The hell that Brian Taylor (Jake Gyllenhaal) and Mike Zavala (Michael Peña) live in every day at their job as LAPD officers in South Central LA is a life that not everyone can handle to even look at for 109 minutes, the duration of one of the best police thrillers recently – End Of Watch. They do their job with a complete selflessness and abandon, saving gagged toddlers from their drugged parents or rescuing the same poor, neglected kids from a raging fire. They do it because they have to, and they don’t think twice.
Director David Ayer lived in South Central for while after he was kicked out from his home as a teenager. He knows what he is talking about in End Of Watch. The grim ugliness you expect to see is all there, but Ayer doesn’t depict stereotypes in stereotypical situations. He humanizes his Taylor and Zavala for the viewer; these two guys, full of stories and jokes, are two cops mostly hated by the people they are protecting. At times they seem like kids having fun, their dark blue lockers behind them, covered in stickers and memorabilia. At times they seem like hotheads who jump in on the scent of trouble. Deep down they are the unsung heroes doing deadly jobs, serving and protecting (without the notorious quotation marks) where others give up, give in, and become corrupt beyond recognition (and it is difficult to blame those others when the level of despair and deadly danger becomes apparent).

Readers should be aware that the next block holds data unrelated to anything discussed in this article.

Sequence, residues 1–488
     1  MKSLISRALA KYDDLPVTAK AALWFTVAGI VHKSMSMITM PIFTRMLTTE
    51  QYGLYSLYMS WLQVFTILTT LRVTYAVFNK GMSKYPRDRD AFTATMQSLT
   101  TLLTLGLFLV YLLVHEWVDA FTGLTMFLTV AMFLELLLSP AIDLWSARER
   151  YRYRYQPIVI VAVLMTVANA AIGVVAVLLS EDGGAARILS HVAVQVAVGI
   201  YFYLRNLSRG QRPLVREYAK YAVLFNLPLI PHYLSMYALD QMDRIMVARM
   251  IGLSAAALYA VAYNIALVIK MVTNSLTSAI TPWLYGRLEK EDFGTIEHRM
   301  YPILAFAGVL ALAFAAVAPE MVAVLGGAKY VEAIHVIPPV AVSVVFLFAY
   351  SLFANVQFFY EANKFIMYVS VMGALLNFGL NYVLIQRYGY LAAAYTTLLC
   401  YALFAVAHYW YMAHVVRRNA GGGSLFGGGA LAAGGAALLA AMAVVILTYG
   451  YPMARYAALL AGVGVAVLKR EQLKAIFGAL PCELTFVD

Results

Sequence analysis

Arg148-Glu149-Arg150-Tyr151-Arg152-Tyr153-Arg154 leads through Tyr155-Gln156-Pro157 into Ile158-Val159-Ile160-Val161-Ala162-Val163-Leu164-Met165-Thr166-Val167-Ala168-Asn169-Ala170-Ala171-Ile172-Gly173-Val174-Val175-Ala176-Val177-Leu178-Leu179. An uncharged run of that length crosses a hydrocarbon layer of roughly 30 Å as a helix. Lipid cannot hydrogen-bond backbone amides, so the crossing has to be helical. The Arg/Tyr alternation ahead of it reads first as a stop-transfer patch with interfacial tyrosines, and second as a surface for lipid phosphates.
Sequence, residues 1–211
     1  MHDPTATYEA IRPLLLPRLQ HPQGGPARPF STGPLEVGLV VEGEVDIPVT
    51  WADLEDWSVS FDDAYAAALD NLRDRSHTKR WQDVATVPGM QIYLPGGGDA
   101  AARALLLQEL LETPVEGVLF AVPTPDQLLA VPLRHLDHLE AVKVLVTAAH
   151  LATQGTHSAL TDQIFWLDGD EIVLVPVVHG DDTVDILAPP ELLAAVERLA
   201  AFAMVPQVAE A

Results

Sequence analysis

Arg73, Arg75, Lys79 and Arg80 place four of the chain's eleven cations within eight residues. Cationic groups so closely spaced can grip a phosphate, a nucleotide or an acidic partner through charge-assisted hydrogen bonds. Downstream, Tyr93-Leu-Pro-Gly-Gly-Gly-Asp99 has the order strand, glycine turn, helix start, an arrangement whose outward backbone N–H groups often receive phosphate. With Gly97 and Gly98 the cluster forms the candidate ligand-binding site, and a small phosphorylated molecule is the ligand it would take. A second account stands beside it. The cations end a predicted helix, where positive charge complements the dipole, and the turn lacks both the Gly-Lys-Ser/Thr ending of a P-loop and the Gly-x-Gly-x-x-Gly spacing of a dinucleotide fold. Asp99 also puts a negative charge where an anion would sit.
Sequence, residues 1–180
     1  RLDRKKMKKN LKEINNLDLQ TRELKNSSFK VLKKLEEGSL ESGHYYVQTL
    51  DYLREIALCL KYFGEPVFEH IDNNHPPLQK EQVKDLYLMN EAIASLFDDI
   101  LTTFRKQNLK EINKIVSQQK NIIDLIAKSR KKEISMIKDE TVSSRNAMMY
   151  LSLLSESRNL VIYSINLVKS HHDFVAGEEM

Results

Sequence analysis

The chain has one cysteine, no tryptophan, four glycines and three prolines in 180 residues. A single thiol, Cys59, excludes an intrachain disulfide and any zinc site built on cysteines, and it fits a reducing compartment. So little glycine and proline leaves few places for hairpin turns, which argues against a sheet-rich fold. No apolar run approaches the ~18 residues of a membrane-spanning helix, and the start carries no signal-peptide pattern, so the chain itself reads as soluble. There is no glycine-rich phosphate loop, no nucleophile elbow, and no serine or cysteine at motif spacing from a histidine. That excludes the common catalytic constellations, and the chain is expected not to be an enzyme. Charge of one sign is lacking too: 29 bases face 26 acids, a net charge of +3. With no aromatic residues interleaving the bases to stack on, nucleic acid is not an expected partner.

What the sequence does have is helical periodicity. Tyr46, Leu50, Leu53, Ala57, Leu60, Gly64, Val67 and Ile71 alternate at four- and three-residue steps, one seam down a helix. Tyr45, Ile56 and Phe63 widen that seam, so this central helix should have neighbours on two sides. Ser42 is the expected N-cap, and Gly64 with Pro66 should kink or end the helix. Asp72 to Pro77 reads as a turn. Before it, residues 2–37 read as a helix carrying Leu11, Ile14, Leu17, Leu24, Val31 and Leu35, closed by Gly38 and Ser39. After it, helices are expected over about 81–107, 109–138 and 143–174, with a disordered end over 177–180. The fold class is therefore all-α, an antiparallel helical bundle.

Ayer uses a shaky cam/lost footage approach in End Of Watch (the excuse is that Taylor is taking a movie class) to put the viewer into the center of the action. I am in love with the style, even though I am aware it is not for everyone. To me it helps to be stuck in the car with the two cops, chase after criminals with them, wipe the sweat off the forehead with them. It also reflects the shakiness of their situation, the uncertainty of their being – in danger all the time.
Besides the tightly knit plot, sparkling humor and unrelenting pace, End Of Watch is a movie bursting with enigmatic, colorful characters, who make this movie experience a real treat. The rest of the officers – Van Hauser (David Harbour), Sarge (Frank Grillo), and Orozco (America Ferrera) – are all strong characters played well by the cast, helping to paint a bigger picture of the force. Natalie Martinez (as Gabby, Zavala’s wife) and Anna Kendrick (as Janet, Taylor’s girlfriend) are great as the two better halves of the lead characters. They are especially good when the more experienced Gabby shares kinky sexual tips with the astonished Janet. Their femininity (they are both pregnant at some point) adds dimension to this predominantly masculine story and, while it foreshadows tragedy and loss, it also presupposes continuity and hope.